Format

Send to

Choose Destination
Top Stroke Rehabil. 2014 Jul-Aug;21(4):319-31. doi: 10.1310/tsr2104-319.

Modified constraint-induced movement therapy for upper extremity recovery post stroke: what is the evidence?

Author information

1
Laboratory for Brain Recovery and Function, School of Physiotherapy, Dalhousie University, Halifax, Nova Scotia.
2
School of Health and Rehabilitation Sciences, The Ohio State University Wexner Medical Center, Columbus, Ohio B.R.A.I.N. (Better Rehabilitation and Assessment for Improved Neuro-recovery) Laboratory, The Ohio State University Wexner Medical Center, Columbus, Ohio.
3
Laboratory for Brain Recovery and Function, School of Physiotherapy, Dalhousie University, Halifax, Nova Scotia Department of Medicine, Division of Physical Medicine and Rehabilitation, Capital Health, Halifax, Nova Scotia Department of Medicine, Division of Physical Medicine and Rehabilitation, Dalhousie University, Halifax, Nova Scotia.
4
Laboratory for Brain Recovery and Function, School of Physiotherapy, Dalhousie University, Halifax, Nova Scotia Department of Medicine, Division of Physical Medicine and Rehabilitation, Capital Health, Halifax, Nova Scotia Department of Medicine, Division of Physical Medicine and Rehabilitation, Dalhousie University, Halifax, Nova Scotia School of Health and Human Performance, Dalhousie University, Halifax, Nova Scotia Department of Psychology and Neuroscience, Dalhousie University, Halifax, Nova Scotia Canadian Partnership for Stroke Recovery, Sunnybrook Research Institute, Toronto, Ontario.

Abstract

BACKGROUND:

Constraint-induced movement therapy (CIMT) is an effective treatment for upper extremity (UE) recovery post stroke. Difficulties implementing a traditional CIMT approach have led to development of protocols featuring varying practice schedules, including a 10-week, 3 times per week intervention, termed modified CIMT (mCIMT). To date, systematic reviews of CIMT have grouped the various protocols, precluding the ability to ascertain the level of evidence (LOE) of specific CIMT protocols. Knowing the LOE for various protocols and their relative effectiveness may facilitate decision making regarding which protocol to implement.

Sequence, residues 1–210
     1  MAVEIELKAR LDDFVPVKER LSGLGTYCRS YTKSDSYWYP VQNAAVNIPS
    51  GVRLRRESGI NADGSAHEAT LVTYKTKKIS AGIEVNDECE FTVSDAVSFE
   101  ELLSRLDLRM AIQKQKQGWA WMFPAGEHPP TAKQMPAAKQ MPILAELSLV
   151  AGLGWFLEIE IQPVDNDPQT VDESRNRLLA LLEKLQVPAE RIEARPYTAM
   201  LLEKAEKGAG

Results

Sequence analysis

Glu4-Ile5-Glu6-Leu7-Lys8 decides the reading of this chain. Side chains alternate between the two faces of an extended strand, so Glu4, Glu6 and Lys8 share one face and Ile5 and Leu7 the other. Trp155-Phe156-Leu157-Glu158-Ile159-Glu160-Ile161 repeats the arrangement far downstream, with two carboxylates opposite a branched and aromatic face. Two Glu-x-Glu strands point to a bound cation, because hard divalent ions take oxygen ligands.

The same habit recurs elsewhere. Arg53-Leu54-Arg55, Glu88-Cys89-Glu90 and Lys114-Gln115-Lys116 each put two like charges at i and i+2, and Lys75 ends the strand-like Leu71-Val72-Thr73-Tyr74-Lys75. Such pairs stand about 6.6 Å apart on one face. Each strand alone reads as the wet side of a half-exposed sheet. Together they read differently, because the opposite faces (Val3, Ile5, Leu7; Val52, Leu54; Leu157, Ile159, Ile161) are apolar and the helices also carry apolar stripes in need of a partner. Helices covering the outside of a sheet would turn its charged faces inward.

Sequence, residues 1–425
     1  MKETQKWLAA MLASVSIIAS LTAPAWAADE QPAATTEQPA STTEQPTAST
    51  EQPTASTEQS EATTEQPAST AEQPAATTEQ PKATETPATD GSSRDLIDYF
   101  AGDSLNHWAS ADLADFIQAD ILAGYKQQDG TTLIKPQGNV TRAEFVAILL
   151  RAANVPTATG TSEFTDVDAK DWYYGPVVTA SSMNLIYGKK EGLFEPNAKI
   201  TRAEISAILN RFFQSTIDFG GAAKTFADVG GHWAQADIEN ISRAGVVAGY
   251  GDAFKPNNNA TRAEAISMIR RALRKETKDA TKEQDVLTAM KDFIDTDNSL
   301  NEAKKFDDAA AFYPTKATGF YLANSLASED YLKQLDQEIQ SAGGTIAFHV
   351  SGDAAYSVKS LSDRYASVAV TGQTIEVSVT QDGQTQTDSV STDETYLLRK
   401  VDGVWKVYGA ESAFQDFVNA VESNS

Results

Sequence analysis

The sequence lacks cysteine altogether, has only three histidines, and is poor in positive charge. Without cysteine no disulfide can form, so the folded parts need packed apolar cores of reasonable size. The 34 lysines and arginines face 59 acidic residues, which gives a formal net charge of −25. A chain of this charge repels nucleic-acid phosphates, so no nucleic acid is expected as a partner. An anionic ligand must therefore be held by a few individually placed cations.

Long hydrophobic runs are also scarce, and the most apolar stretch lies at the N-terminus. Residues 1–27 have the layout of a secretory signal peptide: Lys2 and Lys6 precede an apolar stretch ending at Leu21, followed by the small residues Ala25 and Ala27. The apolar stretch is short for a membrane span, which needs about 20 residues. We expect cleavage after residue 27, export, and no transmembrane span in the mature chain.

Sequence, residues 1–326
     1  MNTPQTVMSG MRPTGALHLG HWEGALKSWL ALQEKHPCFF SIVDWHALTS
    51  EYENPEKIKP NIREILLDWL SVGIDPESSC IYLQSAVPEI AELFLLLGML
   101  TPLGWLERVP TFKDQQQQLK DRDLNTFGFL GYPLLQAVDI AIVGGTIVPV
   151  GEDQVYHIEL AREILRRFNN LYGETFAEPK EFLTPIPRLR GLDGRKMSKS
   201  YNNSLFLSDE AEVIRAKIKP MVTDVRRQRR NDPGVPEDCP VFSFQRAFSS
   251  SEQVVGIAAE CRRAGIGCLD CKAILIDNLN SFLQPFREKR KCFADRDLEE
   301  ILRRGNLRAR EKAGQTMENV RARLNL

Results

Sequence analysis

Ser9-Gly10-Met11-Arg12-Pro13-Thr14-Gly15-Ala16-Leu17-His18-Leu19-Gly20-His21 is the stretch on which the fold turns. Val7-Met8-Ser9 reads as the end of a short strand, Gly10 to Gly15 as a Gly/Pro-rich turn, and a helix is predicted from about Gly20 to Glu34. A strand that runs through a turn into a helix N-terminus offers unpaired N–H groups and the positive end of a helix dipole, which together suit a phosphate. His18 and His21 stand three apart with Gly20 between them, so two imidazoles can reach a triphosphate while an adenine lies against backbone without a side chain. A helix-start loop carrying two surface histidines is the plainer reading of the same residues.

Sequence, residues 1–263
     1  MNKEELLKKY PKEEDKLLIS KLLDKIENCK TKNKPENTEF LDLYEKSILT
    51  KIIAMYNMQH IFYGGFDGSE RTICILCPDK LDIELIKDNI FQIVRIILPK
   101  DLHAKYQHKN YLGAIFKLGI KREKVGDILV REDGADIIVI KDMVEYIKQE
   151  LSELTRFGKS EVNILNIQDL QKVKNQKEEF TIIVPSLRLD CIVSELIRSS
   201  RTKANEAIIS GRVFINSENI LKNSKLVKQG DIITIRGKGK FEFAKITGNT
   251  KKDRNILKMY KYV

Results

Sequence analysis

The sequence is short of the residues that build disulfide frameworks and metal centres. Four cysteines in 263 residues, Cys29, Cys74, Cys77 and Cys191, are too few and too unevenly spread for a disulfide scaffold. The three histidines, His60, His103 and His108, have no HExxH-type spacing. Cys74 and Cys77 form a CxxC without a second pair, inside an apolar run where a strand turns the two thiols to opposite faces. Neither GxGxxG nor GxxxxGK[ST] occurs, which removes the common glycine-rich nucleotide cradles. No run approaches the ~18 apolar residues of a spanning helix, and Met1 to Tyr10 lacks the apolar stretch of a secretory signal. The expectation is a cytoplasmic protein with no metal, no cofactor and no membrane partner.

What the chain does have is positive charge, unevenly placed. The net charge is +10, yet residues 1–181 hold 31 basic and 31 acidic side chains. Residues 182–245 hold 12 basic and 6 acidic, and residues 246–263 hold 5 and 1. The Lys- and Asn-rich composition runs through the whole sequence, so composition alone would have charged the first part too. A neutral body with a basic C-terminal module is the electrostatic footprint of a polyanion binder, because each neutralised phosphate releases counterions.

OBJECTIVE:

The aim of this study was to determine the LOE of mCIMT in promoting UE recovery post stroke.

METHODS:

A comprehensive literature search and subsequent analysis identified studies of a range of designs that investigated the mCIMT protocol. Two independent reviewers assigned an LOE to each of the identified studies, which were then examined collectively to determine the overall LOE for mCIMT. Study results were reviewed to assess the effectiveness of mCIMT for improving UE recovery.

RESULTS:

Of 473 studies identified, 15 utilized mCIMT. The lack of randomized controlled trials (RCT) resulted in assigning an intermediate LOE (C). Study results indicated that participants receiving mCIMT experienced clinically significant improvements in UE impairment and activity-level attributes.

CONCLUSION:

The mCIMT protocol is an effective intervention for UE recovery post stroke. Future research including large RCTs could potentially increase the LOE for mCIMT. Additional investigation into the effectiveness of mCIMT in acute and subacute stroke populations is warranted given the limited number of studies performed to date.

KEYWORDS:

cerebrovascular disease; constraint-induced movement therapy; rehabilitation; systematic review; upper extremity

PMID:
25150664
DOI:
10.1310/tsr2104-319
[Indexed for MEDLINE]

Supplemental Content

Full text links

Icon for Taylor & Francis
Loading ...
Support Center